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Beware of Blacklegged Ticks in Deer Woods

December 3, 2011
By Larry Claypool - OVO Editor , Ohio Valley Outdoors

State health officials are warning hunters to look out for a new pest in the woods - the blacklegged tick, formerly referred to as "deer tick". This tick has been encountered in the past in some midwest states and northeastern United States but now is being found in Ohio.

Ticks are generally a real nuisance to those spending time outdoors, but the blacklegged tick is known to carry Lyme disease, which can cause serious health problems for humans, including causing death.

This small tick is smaller than a regular American (brown) dog tick we're used to and larger than a winter tick, which is found on deer, cattle and horses. Until this year the blacklegged tick was only found in a few counties in the Buckeye State. Now the eight-legged, blood-sucking pest has been found attached to deer in several eastern and southern counties in Ohio. Those counties include: Harrison, Belmont, Jefferson, Carroll, Columbiana, Muskingum and a few others.

Article Photos

Blacklegged Tick - male (top) and female
Photo courtesy of Dr. Glen Needham

Recently the blacklegged tick was found on several hundred deer checked in during the first week of gun season in Ohio, according to Dr. Glen Needham, OSU Extension Entomologist, who is working with the Ohio Department of Natural Resources on collecting and testing the ticks.

"We sampled about 500 deer this year and about half had ticks on them. Last year we saw 500-600 deer and only 29 ticks were found on all of the heads. This year there was well over 1,000 ticks found," said Needham of their inspections at deer check stations in several Ohio counties. "We even had a couple of deer that had a hundred or more ticks. We stopped counting at that point.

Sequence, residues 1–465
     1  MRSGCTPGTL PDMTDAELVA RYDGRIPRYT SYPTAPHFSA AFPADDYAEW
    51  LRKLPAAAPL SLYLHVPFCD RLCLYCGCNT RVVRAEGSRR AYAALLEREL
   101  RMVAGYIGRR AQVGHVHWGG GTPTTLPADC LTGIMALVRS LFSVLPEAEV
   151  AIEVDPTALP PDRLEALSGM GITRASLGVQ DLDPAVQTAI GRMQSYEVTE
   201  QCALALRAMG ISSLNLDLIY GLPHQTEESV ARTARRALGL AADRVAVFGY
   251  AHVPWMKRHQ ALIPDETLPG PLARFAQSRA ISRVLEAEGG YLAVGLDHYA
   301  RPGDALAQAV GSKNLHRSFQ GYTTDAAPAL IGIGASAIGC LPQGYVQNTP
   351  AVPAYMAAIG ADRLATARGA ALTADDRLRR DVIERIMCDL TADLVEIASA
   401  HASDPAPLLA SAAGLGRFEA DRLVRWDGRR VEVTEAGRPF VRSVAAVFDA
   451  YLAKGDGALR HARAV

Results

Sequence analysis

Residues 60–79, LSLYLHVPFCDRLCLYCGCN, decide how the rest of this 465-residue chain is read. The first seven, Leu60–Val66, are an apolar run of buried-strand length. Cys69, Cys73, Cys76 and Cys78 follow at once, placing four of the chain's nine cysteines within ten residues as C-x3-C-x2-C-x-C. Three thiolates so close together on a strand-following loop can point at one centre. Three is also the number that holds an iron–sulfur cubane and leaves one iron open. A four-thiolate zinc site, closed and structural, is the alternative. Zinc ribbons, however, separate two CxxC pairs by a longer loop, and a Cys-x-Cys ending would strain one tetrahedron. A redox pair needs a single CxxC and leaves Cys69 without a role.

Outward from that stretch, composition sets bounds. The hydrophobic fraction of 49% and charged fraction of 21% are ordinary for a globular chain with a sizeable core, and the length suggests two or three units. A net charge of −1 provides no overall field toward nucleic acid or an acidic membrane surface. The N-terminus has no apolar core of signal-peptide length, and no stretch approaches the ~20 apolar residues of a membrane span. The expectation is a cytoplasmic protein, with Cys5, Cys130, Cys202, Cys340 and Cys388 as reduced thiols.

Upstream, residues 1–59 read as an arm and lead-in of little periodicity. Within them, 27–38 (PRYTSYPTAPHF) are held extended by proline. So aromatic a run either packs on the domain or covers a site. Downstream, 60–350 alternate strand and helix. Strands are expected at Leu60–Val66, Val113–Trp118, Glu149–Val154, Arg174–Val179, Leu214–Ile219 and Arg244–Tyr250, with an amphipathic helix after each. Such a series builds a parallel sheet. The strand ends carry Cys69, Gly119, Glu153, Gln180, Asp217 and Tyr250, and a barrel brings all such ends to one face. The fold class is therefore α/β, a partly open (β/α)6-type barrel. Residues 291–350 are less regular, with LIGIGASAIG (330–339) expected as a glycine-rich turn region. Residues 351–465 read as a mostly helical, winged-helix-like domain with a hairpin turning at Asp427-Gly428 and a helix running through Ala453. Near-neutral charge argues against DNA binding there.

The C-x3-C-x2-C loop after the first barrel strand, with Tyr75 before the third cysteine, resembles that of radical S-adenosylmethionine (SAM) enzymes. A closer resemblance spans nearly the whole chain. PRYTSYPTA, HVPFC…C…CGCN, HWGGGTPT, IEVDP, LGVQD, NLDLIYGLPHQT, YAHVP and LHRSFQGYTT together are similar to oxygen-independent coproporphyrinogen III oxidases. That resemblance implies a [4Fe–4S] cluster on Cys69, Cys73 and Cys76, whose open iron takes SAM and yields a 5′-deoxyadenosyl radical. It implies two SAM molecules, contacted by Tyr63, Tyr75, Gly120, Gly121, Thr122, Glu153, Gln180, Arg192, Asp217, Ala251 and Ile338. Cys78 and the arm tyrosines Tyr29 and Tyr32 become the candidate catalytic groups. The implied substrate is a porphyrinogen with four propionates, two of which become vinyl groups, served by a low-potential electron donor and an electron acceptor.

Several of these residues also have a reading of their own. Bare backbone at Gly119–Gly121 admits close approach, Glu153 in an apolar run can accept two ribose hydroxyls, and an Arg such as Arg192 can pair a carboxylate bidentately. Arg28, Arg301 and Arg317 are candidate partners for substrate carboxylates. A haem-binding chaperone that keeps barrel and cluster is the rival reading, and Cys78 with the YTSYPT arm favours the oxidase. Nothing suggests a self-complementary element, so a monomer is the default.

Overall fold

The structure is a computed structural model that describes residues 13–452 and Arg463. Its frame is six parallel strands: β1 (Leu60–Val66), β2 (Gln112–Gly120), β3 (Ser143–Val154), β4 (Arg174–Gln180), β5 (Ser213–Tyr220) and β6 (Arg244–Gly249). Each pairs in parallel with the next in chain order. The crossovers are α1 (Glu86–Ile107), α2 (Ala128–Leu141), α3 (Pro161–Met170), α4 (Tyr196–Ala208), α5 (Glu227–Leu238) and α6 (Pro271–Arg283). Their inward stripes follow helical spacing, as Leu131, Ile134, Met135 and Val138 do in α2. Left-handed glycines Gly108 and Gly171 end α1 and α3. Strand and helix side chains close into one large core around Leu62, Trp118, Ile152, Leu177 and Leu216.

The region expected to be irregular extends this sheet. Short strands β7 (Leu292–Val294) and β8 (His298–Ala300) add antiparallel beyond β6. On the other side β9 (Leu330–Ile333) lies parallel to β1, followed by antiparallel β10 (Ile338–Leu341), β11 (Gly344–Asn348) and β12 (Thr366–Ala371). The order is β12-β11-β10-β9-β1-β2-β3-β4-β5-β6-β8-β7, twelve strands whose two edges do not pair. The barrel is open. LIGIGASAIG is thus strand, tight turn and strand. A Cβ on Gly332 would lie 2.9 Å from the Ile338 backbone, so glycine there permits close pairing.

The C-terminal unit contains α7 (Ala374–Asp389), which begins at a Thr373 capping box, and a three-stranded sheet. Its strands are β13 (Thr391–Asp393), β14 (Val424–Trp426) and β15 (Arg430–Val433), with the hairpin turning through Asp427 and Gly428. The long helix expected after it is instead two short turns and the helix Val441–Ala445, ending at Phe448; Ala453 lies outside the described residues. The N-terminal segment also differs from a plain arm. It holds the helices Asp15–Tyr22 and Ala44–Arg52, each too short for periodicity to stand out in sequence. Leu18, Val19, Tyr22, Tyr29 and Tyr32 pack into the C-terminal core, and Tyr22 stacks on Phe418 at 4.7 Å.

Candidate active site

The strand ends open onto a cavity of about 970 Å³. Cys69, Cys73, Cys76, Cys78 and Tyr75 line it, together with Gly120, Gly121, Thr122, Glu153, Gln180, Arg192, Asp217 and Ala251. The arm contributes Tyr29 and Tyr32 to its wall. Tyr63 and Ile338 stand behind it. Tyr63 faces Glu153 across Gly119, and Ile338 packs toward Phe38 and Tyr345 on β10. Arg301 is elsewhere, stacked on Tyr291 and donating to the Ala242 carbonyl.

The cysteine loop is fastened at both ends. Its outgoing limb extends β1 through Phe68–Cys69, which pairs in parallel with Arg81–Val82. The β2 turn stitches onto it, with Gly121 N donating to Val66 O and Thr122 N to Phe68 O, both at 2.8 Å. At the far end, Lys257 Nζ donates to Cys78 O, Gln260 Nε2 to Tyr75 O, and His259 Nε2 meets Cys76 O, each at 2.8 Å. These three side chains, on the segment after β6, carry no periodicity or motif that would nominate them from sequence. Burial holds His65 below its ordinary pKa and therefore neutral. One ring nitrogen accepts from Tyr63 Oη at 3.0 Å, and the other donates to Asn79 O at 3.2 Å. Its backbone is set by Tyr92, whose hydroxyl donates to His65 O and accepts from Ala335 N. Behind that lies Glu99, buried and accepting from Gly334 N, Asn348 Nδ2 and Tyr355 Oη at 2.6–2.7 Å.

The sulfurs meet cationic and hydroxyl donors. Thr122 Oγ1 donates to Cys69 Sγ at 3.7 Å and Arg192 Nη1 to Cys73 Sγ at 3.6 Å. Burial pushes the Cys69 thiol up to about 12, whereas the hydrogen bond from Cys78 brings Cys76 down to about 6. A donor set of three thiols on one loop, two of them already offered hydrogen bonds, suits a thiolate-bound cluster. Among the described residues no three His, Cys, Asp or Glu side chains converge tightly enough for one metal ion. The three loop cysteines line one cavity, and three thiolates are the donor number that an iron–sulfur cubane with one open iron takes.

"I guess you could say it's a good year, or bad year for ticks. Now some of those were winter ticks. Most of those were found in counties south of I70 though," Needham explained.

Needham added that the winter ticks can be a nuisance for deer, and to hunters who are field dressing deer, but he wants to caution people about the blacklegged ticks because of the possible transfer of Lyme disease from the ticks to humans and/or to dogs. Needham also points out: the ticks - and the Lyme disease - has not been found to transfer to deer nor will it harm the venison in any way.

The OSU Extension and ODNR are conducting tests and will release their findings on the deer heads and ticks collected. The deer also will be checked for Chronic Wasting Disease (CWD), which has not been found in deer in Ohio.

Needham said he doesn't want to scare hunters but everyone should be aware of the problems associated with the blacklegged ticks and Lyme disease. "The key thing is, they don't want to get Lyme disease. And think about the transfer of deer and where the ticks may end up, your car, truck or on your clothes. There is a risk of exposure when hunters are transferring deer," said Needham.

To ward off ticks while in the outdoors Needham suggests using a Permethrin repellent, a common

insecticide that is virtually non-toxic to humans and no systemic effects have been reported.

If you find ticks and are not sure about which species it is, there are several websites available to help identify the pests. Those include: ODNR -; Ohio Department of Health - (search tick); Or type in the word "ticks" on are search engine.

For information about Lyme disease or identifying the blacklegged tick, contact your county health department.

Here's some basic information about the ticks:



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  1. Never
  2. Just this year
  3. In eastern Ohio
  4. In southern Ohio
  5. In Pennsylvania
  6. In West Virginia
  7. Other state
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